This is a guest submission by our partner Accenture. Matthew de Ganon is the Northeast Financial Services Lead at Accenture. Prior to Accenture, Matthew spent four years at Capital One leading product management for Digital Payments and Customer Understanding. Rob Fuller is the Customer Data Orchestration Practice Lead for Accenture Interactive, focusing on how brands collect, manage, and integrate customer data. In this post, they share how financial services companies can drive growth by rediscovering how to put their customers first.
Over the last few years and especially today, companies have had to rethink how they do business. For banks, this means rediscovering their original purpose of putting customers first.
Having worked with dozens of top financial institutions over the past six years and delivering digital solutions across industries for over twenty, both Rob and I have seen that customers and companies alike want the same thing: relevant experiences that build trust and increase customer loyalty.
A recent Accenture report found that 5% of banks’ revenue is at risk as millions of customers are persuaded by the transparent and tailored offerings of fintech entrants. Twenty million customers in the UK alone have opened accounts with neobanks, putting pressure on traditional financial service companies to defend their market share by innovating how they engage with their customers.
Goldman Sachs and Citigroup have established funds to invest in or acquire fintech startups. Others, like Bank of America, have embraced going digital with robust mobile banking services. A few, like JP Morgan Chase, are investing in data to build machine learning practices that deliver hyper-personalized experiences and improve security for their customers.
In this post, we share the infrastructure for good data and how our customers use that data to launch machine learning programs that earn customer's trust.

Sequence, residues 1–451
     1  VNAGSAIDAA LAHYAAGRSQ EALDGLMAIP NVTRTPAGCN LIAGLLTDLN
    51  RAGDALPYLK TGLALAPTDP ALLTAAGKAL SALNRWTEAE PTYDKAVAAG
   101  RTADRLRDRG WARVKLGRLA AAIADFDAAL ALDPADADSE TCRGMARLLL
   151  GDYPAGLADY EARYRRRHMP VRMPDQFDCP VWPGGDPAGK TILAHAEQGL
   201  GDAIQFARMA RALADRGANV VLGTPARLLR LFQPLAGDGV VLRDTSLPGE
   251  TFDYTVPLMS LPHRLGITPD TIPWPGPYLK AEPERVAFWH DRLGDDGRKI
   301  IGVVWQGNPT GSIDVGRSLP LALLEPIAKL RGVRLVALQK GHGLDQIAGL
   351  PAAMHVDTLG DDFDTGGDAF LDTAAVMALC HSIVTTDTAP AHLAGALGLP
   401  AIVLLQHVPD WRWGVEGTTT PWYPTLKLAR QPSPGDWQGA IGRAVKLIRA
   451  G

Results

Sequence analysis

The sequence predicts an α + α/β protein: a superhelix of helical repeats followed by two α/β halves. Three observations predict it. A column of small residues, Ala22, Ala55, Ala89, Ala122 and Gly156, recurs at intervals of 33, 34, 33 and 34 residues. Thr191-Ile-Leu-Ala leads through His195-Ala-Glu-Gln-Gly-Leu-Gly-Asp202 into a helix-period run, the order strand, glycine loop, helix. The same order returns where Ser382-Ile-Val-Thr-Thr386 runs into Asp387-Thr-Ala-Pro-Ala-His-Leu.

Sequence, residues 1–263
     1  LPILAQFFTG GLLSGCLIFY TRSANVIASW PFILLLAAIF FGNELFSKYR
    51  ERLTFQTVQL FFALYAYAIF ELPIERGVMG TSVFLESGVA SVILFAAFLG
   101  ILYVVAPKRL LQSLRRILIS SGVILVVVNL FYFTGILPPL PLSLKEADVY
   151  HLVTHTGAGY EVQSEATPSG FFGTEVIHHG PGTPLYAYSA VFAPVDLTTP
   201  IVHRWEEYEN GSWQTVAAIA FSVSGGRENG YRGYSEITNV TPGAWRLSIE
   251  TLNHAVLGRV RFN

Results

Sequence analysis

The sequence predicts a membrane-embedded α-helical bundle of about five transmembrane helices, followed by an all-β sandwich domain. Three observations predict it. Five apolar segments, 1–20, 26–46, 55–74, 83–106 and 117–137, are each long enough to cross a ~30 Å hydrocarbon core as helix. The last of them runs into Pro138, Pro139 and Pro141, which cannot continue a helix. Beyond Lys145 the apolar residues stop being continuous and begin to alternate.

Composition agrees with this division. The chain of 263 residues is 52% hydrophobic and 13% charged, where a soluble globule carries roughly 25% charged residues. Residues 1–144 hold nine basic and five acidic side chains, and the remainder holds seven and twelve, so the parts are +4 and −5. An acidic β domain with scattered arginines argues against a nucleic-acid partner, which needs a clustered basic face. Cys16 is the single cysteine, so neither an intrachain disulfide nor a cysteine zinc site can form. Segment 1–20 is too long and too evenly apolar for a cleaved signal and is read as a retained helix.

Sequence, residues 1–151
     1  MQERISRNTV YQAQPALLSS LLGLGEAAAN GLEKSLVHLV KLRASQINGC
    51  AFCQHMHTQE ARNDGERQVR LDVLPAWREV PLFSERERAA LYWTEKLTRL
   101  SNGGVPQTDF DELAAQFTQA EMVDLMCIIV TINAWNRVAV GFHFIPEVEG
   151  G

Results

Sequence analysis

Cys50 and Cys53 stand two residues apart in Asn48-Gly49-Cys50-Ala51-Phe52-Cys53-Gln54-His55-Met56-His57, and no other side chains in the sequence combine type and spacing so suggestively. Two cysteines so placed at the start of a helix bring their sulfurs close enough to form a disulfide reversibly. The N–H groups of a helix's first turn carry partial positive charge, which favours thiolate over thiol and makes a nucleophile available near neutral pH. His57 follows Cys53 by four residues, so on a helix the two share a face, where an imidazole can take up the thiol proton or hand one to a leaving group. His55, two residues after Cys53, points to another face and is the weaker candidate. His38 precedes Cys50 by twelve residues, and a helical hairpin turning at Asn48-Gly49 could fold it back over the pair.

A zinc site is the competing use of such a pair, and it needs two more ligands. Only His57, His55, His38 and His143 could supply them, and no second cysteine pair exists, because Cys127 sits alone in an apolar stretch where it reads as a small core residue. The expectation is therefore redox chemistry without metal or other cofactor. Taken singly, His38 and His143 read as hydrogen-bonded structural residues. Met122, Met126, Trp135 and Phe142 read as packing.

Laying the foundation for customer understanding
Customers have high expectations — they are becoming accustomed to technology understanding who they are, what they are doing, and how they want to engage.
To meet these high expectations, companies rely on rich data. Traditionally, it required a fair bit of data wrangling by engineering and data teams to cobble together systems and clean the data. Fortunately, a new breed of solutions, Customer Data Platforms (CDPs), have come to market. It provides organizations with a unified platform to capture and synthesize data across all customer touchpoints. A CDP plays a crucial role in reliable data capture, identity resolution, and data activation. It can resolve data quality blockers previously preventing the data integration and analytics functions from driving customer-centric and contextualized engagement.
For example, a global media customer wanted unified customer analytics to drive digital traffic, reader loyalty, and revenue across its portfolio of 36 brands. The company had built data pipelines internally, but each pipeline served individual brands resulting in dozens of unique data architectures and siloed data sets.
The walled-off tech stacks limited its ability for executives to measure enterprise-wide trends and performance. Instead of untangling its current in-house infrastructure, the company chose a CDP to speed up the unification process and scale with the growing needs and requests across its multiple brands and teams.
Investing in a CDP not only eliminated manual work to build and maintain data, but it also opened an opportunity for them to go beyond their current capabilities—unlocking audience segmentation to launch more targeted experiences.
Key capabilities of a CDP
While there is a standard set of functionality that qualifies a platform as a CDP, not all CDP solutions are created equal Some CDPs like Segment, for instance, prioritize collecting clean, consistent, compliant, and consented data to deliver reliable experiences.
When evaluating a CDP, some key functionality to look for:
Securely collects user engagements across the customer journey.
Consistently formats customer data to be used in downstream applications.
Manages user consent and privacy requirements.
Creates an accessible view of the customer across all business systems.
Activates data in preferred channels to create compelling, individualized user experiences.